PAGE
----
Not satisfied with the default ringtones in iOS 7? Many iPhone owners are happy enough with “Cosmic,” “Stargaze” or classics like “Old Phone.” But if you’re bored with the ringtones you get as part of iOS 7 or you’re tired of reaching for your phone (along with dozens of people around you in the mall) every time you hear that familiar ring, maybe it’s time to change things up. Maybe you’d like a riff from your favourite song instead. While you can buy pre-made music ringtones directly from your iPhone, it’s easy to create your own from your iTunes music library. Here’s how.

You’ve already paid for the song, why not use it for your ringtone? In this example, I’ll make a ring tone out of the Gary Numan song “The Fall.”

Step 1


Select the target song in your iTunes library and Get Info to bring up the information box. Next, click Options and you’ll see a Start Time and a Stop Time. You’ll want to listen to the song to determine the start and finish of the snippet you want. It can be a maximum of 30 seconds —if you haven’t answered your phone after half a minute, chances are you’re not going to … You may have to play around a little to get this exactly right, then click OK to save it. Double-click on the song in iTunes to hear it (don’t worry, the change is not permanent). 

Step 2

Once you’re happy you’ve nailed the snippet, select the song again in iTunes. CRTL-Click on the song (Right-click if you’re on a Windows PC) and choose Create AAC Version from the options. You’ll see a copy of the song file appear below the original. If you double-click the copy, you’ll find it is just the snippet you wanted, not the whole song. Now go back to the original song and remove those start and stop times.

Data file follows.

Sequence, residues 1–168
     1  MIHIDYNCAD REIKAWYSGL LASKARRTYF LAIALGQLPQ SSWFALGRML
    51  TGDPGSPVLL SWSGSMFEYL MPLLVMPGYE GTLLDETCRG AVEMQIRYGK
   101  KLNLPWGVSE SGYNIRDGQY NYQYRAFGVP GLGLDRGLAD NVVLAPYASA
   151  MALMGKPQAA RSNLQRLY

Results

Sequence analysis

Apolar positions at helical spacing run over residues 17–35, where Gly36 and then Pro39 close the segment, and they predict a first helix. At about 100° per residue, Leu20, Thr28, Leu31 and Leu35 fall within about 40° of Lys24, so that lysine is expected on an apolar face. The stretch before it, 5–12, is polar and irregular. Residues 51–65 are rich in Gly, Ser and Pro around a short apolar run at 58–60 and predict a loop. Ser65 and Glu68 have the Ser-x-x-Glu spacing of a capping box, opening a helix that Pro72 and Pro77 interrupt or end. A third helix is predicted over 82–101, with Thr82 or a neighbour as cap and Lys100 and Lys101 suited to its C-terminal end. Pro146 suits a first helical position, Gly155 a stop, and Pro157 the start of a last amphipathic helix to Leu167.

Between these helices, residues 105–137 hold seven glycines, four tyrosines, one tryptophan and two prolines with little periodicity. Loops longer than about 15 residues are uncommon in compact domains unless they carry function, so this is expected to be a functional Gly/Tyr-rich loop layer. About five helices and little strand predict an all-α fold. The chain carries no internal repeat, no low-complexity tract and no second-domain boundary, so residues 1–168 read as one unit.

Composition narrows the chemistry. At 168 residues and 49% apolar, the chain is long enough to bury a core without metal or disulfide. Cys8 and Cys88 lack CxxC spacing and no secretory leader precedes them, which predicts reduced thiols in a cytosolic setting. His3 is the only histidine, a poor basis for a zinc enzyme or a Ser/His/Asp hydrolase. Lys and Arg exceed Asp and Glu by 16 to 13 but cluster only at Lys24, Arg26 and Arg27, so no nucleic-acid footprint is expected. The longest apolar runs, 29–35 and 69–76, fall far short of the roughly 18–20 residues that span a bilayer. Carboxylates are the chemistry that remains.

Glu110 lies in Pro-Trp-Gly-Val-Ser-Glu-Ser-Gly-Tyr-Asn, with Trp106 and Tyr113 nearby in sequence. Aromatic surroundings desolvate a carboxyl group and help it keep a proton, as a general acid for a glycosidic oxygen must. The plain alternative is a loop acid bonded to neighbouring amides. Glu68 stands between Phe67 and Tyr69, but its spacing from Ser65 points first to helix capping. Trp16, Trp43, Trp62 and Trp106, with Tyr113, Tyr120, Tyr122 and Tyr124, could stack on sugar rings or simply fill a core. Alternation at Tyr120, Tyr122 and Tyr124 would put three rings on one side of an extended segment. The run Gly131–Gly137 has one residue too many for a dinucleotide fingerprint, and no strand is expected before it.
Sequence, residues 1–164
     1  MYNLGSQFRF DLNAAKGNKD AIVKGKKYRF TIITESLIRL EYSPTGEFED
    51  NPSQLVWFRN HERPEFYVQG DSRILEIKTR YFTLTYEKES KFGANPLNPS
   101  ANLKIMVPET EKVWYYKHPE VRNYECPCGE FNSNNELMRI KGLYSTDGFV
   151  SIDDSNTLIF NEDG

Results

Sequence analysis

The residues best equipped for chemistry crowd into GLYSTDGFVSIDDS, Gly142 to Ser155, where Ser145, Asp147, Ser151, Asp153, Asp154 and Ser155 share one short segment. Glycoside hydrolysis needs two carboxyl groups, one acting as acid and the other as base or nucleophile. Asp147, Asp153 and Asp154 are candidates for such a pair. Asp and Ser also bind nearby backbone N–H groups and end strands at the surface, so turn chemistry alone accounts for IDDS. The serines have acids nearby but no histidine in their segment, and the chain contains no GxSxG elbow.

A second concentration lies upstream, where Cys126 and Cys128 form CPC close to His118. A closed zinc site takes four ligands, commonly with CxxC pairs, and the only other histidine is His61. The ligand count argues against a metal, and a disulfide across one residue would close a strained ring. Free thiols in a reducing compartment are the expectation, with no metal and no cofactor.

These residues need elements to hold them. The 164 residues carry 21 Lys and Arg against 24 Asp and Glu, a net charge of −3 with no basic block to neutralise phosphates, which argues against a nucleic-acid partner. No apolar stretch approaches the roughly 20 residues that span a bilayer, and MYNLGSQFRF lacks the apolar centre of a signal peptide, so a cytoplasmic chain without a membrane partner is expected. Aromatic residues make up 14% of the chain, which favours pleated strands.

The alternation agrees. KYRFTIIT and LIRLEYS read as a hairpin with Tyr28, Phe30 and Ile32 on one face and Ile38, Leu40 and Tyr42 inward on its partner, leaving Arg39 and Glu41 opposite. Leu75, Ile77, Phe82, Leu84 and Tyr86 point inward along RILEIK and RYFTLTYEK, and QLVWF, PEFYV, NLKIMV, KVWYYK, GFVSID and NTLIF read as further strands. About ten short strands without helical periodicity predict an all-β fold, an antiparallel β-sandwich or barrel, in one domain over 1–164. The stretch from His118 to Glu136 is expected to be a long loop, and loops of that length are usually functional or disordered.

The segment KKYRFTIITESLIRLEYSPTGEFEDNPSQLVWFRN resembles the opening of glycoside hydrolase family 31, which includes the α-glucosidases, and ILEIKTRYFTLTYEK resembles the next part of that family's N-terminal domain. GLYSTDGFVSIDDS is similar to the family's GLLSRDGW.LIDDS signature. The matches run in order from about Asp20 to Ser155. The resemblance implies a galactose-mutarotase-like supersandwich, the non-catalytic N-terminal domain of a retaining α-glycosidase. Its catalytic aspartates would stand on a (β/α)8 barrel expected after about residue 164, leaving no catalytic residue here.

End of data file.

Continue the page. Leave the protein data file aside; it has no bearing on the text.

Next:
ringtone 2.jpgStep 3

Select the song copy (the snippet) and drag it to your desktop. You’ll see it appear as an m4a file. Delete the copy you made in iTunes —not the original file. Now click in the name field of the file on your desktop and change the extension from m4a to m4r.

Step 4

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Drag the m4r file into iTunes. It will automatically be sorted into the Tones section. You can throw away the m4r file that’s on your desktop.

Step 5

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Synchronize your iPhone. Make sure you’ve selected Sync Tones and that you’ve selected the ringtone you just created.

Step 6

Now the easy part. On your iPhone, got to Settings, then Sounds, then Ringtone. You should see the ringtone you created in the list of available options. Select it and the iPhone will play it for you —the last check to make sure the quality is up to snuff.

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And that’s it. Now when you hear ”Cosmic” or “Old Phone” chiming, you won’t be one of the people checking pockets to make sure it’s not their iPhone that’s ringing. You have your entire iTunes library to choose from to ensure your ringtone is unique.

Brad Moon
Editor Computing solutions
I’m a long-time electronics and gadget geek who’s been fortunate enough to enjoy a career that lets me indulge this interest. I have been writing about technology for several decades for a wide range of outlets including Wired, Gizmodo, Lifehacker, MSN,, Kiplinger, and GeekDad. I’m in my 10th year as a senior contributor for Forbes with a focus on reviewing music-related tech, Apple gear, battery power stations and other consumer electronics. My day job is with the Malware Research Center at AI-native cybersecurity pioneer CrowdStrike.


  1. There’s something about Android phones that isn’t exactly available with iPhones and my buddies who have an Android phone do make fun of it: you can’t easily have custom ringtones on the iPhone. Now, that’s something Apple should be working on but knowing things, one would judge better.


    Apple doesn’t have an easy way out to create custom ringtones. But as the saying goes, it’s tough but not impossible. In this short little post, that’s what we’re going to do: create custom ringtones in iTunes and sync them with your iPhone.

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